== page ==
judge" of the Grennell group.
     
Through the instant motion, Plaintiffs seek to have the Grennell
cases remanded to Mason County Circuit Court. They argue that
this Court improperly severed their claims, and that in fact all
1,317 plaintiffs now in federal court should be treated as
properly joined in one action. Defendants, however, contend that
both the Circuit Court and this Court have treated Plaintiffs'
claims as separate cases and that absent a successful motion for
joinder or consolidation, a change in the Court's attitude
towards the cases would be improper. Plaintiffs and Defendants
also disagree as to whether the individual defendants are
properly joined as parties.


WORLD RESEARCH: DC Court Refuses Motion To Remand Fax Lawsuit
--------------------------------------------------------------
The United States District Court for the District of Columbia
denied Plaintiff's Motion to Remand a lawsuit brought against
World Research Group, LLC, et al., on behalf of Judy Kopff, et
al., over the fax transmission of unsolicited advertisements
promoting various events without plaintiffs' consent.

Plaintiffs filed their original complaint in the Superior Court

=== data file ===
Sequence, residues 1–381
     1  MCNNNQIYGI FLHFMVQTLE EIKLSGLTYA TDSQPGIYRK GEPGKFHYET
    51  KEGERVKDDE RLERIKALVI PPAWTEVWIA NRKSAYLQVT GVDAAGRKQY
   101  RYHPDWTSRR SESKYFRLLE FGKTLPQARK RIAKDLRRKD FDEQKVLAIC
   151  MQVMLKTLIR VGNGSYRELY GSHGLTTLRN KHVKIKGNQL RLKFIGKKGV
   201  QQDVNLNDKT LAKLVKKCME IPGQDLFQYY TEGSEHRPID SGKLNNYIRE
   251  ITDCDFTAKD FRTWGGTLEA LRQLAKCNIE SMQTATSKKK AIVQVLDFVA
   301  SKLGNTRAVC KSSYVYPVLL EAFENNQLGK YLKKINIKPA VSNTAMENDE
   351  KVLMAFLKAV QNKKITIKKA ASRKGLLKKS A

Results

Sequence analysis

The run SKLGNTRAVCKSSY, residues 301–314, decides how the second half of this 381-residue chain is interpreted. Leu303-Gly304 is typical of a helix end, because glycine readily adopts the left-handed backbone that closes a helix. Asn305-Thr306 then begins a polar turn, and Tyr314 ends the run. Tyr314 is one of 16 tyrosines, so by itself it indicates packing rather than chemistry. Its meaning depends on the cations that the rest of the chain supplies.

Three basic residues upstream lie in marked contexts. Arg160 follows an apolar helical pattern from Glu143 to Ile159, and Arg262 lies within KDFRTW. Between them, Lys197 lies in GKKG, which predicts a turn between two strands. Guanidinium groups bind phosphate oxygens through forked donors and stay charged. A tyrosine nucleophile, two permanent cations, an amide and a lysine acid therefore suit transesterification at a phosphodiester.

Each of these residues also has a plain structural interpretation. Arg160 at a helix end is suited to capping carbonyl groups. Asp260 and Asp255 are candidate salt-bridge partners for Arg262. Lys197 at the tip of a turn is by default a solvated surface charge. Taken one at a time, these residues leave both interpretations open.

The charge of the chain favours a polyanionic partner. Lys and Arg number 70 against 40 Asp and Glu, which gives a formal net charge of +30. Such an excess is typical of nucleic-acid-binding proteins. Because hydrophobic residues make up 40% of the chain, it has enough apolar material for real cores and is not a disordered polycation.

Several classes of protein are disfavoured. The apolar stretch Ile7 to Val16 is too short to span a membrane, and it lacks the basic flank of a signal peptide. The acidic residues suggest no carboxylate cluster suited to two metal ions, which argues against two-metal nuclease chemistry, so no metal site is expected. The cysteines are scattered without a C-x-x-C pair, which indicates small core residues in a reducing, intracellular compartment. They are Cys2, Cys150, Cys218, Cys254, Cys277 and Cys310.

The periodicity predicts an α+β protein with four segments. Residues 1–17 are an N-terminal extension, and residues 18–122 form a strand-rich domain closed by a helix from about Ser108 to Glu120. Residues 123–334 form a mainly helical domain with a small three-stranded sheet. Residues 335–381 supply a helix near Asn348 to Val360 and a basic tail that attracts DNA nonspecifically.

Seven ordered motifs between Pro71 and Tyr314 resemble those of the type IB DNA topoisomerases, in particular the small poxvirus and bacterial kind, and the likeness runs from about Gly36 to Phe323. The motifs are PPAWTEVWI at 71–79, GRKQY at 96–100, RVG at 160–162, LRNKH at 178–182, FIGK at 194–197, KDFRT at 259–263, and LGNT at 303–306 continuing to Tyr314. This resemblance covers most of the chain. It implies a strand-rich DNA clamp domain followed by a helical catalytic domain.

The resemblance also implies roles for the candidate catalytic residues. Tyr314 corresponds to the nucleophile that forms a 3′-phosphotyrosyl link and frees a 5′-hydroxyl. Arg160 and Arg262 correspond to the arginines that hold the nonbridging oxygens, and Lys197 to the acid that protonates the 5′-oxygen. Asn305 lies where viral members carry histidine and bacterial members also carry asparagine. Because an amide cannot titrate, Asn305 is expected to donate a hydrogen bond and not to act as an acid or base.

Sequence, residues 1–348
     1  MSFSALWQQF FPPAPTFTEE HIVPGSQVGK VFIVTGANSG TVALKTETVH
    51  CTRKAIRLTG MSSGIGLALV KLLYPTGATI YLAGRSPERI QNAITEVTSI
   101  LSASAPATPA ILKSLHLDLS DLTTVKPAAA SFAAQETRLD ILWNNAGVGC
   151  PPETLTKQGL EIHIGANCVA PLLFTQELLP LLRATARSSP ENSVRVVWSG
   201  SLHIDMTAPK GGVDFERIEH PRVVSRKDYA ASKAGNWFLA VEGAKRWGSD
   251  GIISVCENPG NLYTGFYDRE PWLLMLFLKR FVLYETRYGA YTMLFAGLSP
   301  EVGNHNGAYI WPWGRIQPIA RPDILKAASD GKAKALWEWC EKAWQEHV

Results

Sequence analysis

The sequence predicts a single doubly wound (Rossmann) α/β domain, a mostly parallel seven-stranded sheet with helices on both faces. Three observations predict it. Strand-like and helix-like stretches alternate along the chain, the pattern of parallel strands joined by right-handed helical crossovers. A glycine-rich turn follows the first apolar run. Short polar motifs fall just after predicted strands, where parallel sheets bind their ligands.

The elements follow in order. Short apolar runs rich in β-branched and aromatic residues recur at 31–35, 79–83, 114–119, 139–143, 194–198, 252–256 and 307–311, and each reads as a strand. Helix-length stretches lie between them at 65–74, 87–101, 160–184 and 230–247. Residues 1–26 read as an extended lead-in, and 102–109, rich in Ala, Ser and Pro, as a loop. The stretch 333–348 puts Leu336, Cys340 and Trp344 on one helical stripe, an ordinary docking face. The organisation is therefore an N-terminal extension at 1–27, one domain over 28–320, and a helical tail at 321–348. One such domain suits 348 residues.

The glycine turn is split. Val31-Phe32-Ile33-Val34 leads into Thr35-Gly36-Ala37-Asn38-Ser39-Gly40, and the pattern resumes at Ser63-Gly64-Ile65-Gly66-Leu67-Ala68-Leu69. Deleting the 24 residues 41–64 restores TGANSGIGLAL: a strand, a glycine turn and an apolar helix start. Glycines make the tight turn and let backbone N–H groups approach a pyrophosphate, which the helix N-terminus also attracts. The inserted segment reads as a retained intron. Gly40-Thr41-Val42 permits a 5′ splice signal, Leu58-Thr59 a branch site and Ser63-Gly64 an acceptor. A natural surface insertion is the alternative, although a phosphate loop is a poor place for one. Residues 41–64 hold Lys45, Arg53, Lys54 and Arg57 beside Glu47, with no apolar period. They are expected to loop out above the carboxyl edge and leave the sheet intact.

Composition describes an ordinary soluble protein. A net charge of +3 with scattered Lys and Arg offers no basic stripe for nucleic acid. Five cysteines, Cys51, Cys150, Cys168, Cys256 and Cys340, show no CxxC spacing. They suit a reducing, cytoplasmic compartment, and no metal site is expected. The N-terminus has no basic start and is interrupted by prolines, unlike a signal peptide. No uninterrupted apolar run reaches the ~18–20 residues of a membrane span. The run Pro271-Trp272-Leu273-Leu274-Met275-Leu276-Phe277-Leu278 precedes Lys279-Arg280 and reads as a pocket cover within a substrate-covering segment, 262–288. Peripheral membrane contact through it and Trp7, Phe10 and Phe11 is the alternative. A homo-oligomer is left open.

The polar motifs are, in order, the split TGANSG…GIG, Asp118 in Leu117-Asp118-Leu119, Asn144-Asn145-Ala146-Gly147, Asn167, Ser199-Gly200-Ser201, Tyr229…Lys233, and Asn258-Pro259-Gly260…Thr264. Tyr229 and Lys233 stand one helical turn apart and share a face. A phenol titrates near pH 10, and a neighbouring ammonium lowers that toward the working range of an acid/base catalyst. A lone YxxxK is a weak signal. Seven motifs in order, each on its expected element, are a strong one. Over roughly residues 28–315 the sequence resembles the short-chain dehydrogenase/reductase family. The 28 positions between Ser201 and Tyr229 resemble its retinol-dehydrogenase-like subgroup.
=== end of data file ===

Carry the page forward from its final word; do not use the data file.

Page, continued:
of the District of Columbia against World Research Group, LLC,
the National Vehicle Leasing Association and Tatiana Pose
alleging 22 unlawful facsimile transmissions. Plaintiffs
subsequently filed the amended complaint in the Superior Court
against World Research Group, LLC, WRG Research, Inc., CBI
Research, Inc., Center for Business Intelligence, LLC, Vidar J.
Jorgensen, Dan Manganiello and Tatiana Pose, and increased the
number of transmissions alleged to 26.
      
Defendants WRG Research, Inc., CBI Research, Inc., Center for
Business Intelligence, LLC, and Vidar J. Jorgensen, all of whom
were served with the amended complaint on August 2, 2003,
removed the action to this Court on August 15, 2003, asserting
complete diversity and satisfaction of the jurisdictional amount
under 28 U.S.C. 1332. On September 24, 2003, defendant Tatiana
Pose, who asserts that she has never been served properly,
consented to the removal. The remaining defendants were not
parties to the removal. In addition, the removing defendants,
including Ms. Pose, filed an answer and a counterclaim for abuse
of process. The docket reflects that this answer was filed
on September 8, 2003, but defendants assert that they filed the
answer on August 29, 2003.

Plaintiffs filed the instant motion to remand this action to the
Superior Court on September 10, 2003. They also filed a motion
to stay these proceedings pending determination of the removal
issue. Defendants filed a motion to amend the notice of removal
on September 24, 2003, in an attempt to clarify the non- moving